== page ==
The employee experience can also be enhanced by expanding networking opportunities for all talent, including freelancers and contractors. Whether digital, virtual or face to face, NV says, the more employees are brought together, the more they feel welcomed by the organization and connected to each other.

Beyond Employee Engagement

Earlier this year, BetterUp, which offers a mobile-based leadership-development platform, surveyed 17,000 U.S. workers across 18 different industries. It researched the relationship between employee experience and its employee experience index (EX), which is comprised of six elements—authenticity, engagement, optimism, purpose and meaning, social connection, and belonging.

Among the organization’s findings was that “engagement alone doesn’t fully capture employee experience.” The relationship between EX and productivity was six times higher than for engagement alone. While these elements have risen to importance among employees, many HR professionals are not measuring them to better understand their relationship to business outcomes.

Surprisingly, employee experience varies by industry, says Evan Sinar, head of assessments at BetterUp. IT workers are 2.4 times more likely to have a strong employee experience than those in retail. The employee experience for workers in healthcare and financial services is also higher than for those in government, automotive and manufacturing. Sales functions rank at the bottom.

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Many factors drive employee experience. In retail, Sinar says, it’s interactions with customers, which aren’t always positive. Other factors include a worker’s control over their environment. Employees with choice in where they work have higher levels of employee experience than those who don’t, such as remote or on-site workers.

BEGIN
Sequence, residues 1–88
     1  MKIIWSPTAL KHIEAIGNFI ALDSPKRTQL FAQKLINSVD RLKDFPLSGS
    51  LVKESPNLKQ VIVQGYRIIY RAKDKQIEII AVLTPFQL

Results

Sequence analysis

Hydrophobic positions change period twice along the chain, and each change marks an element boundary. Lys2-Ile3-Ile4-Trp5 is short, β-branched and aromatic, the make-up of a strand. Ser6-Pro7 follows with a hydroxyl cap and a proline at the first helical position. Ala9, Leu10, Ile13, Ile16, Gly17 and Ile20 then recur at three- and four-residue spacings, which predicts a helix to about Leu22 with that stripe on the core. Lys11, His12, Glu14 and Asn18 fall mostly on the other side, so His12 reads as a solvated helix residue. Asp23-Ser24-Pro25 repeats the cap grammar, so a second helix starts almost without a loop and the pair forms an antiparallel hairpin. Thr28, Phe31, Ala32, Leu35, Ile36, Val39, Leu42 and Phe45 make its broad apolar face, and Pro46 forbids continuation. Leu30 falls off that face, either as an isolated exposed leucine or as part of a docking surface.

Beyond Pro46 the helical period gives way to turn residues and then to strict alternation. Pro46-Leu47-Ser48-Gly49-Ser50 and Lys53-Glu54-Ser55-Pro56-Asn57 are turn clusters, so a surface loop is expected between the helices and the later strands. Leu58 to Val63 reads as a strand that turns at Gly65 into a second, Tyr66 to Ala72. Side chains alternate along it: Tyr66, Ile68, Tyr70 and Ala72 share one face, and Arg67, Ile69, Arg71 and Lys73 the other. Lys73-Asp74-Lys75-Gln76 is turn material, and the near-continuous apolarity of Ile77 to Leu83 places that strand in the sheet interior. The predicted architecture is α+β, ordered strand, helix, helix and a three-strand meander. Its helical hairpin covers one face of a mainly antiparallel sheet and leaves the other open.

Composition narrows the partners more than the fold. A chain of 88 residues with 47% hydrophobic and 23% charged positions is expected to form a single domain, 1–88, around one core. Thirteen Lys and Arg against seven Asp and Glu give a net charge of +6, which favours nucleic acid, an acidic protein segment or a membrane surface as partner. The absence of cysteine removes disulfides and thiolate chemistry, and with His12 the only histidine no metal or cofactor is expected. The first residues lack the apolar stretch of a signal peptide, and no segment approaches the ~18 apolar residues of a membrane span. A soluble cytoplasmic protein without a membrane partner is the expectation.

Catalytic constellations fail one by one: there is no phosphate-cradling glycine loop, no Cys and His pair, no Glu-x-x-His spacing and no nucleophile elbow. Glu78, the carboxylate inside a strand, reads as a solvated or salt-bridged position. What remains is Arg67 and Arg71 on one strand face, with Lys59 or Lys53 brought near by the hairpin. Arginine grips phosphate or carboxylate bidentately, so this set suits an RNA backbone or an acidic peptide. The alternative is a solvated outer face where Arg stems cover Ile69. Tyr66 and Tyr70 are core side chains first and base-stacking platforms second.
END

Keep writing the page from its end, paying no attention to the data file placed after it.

“In the technology industry, the war is often won by the environment provided and organizational culture that’s fast-moving and agile,” says Sinar, explaining that this appeals to employees who want to quickly advance their career. “So, the nature of the work environment and the way social connections are established and maintained are driving forces for those industries.”

Although these elements were always in the background, Sinar says, their importance and impact have increased over time: High EX workers had 28% higher productivity, 37% lower turnover intentions, 142% higher employer Net Promoter Score, 46% stronger organizational commitment and 59% higher job satisfaction.

“Don’t stop with your traditional measures of engagement,” he says. “The needle is moving. Recognize that [employee experience] isn’t just about improving someone’s wellbeing as an employee. There are payoffs on the business level, too.”

 

 

 

Carol Patton is a contributing editor for HRE who also writes HR articles and columns for business and education magazines. She can be reached at [email protected]